Thank you for all the outpouring of kind words for my newsletter last week. It was a huge catharsis to write it, and I was so touched that it seemed helpful to many of my readers. I'm still working through responding to the many of you who sent me a note. In the meantime, please keep your pandemic stories coming, and I'll keep trying to write back as soon as possible.
So I was tempted to make this week's newsletter about NFTs.
However, if I'm honest, at this point, I can't even be bothered to write anything about them: they and the people building NFT startups or trying to form "thought leadership" gross me out. I've been contacted by no less than three vendors trying to sell my museum some form of NFT snake oil. Besides, there's already plenty of writing on this topic. Here are just a few articles I've read.
- Jack Rusher wrote a really helpful explainer last year that helped wrap my head around the broad strokes early on.
- A robot made a self-portrait NFT which sold for almost $700K.
- A museum technology business concern, masquerading as an "art collective," attempted to pilfer publically accessible images from open access collections at museums. When they faced the inevitable outrage from museums and artists, they pretended it was all a joke. Nobody believes their story. (thanks to @GraceOnTheRun for the tip!)
- This whole thing has the hallmarks of either a grift or generalized market stupidity.
So this week, I mostly just wanted to share a couple of things I've made so far this year and haven't had the chance to tell you about. I'm following my instinct that making things feels a lot better than retreating in the face of global trauma. That seems more productive than trying to engage in discourse around a parasitic crypto-market that's quite literally destroying our planet, at any rate.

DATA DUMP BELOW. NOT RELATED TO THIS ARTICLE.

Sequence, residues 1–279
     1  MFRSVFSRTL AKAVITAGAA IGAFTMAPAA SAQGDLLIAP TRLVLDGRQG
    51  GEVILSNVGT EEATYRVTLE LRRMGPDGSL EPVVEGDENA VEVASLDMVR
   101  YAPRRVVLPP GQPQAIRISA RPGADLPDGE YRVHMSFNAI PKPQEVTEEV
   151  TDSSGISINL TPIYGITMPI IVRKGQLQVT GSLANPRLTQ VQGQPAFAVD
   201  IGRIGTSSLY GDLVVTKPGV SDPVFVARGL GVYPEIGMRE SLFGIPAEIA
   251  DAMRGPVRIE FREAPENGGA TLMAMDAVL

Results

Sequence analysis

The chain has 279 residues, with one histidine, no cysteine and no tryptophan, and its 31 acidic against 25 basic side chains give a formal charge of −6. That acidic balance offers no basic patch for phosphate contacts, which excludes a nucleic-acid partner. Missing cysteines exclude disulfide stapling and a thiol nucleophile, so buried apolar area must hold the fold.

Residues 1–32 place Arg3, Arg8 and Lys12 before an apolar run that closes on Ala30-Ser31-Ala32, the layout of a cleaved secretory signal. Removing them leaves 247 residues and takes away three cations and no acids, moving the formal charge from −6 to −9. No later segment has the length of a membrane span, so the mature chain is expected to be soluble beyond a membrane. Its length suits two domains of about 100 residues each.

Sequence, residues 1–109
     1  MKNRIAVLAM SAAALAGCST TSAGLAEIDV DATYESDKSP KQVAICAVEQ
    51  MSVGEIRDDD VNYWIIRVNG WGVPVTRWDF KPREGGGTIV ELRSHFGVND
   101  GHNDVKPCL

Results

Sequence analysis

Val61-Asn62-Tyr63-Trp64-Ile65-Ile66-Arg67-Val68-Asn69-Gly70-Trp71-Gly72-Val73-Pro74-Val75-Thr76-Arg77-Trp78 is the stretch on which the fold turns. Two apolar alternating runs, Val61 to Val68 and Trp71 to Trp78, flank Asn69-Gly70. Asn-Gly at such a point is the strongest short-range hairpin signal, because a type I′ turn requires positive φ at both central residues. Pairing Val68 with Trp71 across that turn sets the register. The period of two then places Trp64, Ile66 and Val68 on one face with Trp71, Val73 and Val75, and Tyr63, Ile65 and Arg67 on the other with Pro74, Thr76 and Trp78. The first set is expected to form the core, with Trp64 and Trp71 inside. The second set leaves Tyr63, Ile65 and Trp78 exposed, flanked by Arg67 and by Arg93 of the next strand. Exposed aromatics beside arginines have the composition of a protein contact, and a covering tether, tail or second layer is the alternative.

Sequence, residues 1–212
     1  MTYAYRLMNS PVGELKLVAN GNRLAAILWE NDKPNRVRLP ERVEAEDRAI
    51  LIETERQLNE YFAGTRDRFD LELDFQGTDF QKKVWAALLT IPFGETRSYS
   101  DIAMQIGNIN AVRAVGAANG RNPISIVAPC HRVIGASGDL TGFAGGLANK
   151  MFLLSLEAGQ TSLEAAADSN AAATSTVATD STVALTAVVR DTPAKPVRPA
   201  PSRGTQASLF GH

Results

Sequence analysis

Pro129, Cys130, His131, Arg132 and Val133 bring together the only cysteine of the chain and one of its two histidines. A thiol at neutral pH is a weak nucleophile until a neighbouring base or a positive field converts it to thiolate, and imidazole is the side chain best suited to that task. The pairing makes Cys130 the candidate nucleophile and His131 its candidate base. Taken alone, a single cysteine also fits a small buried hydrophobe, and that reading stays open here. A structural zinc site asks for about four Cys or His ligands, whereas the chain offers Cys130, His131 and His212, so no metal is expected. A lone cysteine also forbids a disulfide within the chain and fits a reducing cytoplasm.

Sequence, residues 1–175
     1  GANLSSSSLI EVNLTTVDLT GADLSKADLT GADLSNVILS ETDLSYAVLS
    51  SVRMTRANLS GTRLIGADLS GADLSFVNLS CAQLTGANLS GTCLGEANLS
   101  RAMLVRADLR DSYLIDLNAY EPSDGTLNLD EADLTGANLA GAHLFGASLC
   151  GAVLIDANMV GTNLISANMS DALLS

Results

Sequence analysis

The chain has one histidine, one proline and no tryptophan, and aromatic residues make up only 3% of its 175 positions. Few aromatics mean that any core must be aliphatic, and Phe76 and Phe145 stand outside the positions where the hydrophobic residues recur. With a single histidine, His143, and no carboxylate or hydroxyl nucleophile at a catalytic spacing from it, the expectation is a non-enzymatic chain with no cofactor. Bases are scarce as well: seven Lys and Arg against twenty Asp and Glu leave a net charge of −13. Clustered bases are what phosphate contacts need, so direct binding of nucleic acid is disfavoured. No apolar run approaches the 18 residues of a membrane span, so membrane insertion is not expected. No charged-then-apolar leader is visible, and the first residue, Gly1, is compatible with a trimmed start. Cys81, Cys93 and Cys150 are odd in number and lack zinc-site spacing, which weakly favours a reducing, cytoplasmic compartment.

See you on the blockchain,
I made a YouTube video of the essay I wrote about Error 1202 on the Apollo 11 mission to the Moon.
For the MCN blog, I wrote an essay about how Zoom meetings are neurologically fatiguing, highlight inequities, and can cause our worst instincts to arise in our virtual workplace.
Have you had meetings with people you know who spent a lot of time and money crafting their backgrounds and upgrading their camera and microphone? They command your attention because we have been trained over the past decades to appreciate high levels of production value when watching media. Everyone judges the artwork and books you choose as part of your set design.
When we hold job interviews online, how unbiased can we be when a candidate just has a better lighting setup than another? Expensive cameras are unfair advantages, and we are all suddenly YouTubers, whether we like it or not. We have a lot of catching up to do, at any rate.
In 2021, cinematography and audio production became critical skills for basic digital literacy.
- From "When Museums Embrace Zoom Our Brains Suffer", MCN Insights, January 25, 2021
This was issue #19 of Soulful Computing by David Nuñez. You can find past issues on my website.
I listened to A Million Miles Away by FM Attack on repeat as I was writing this newsletter.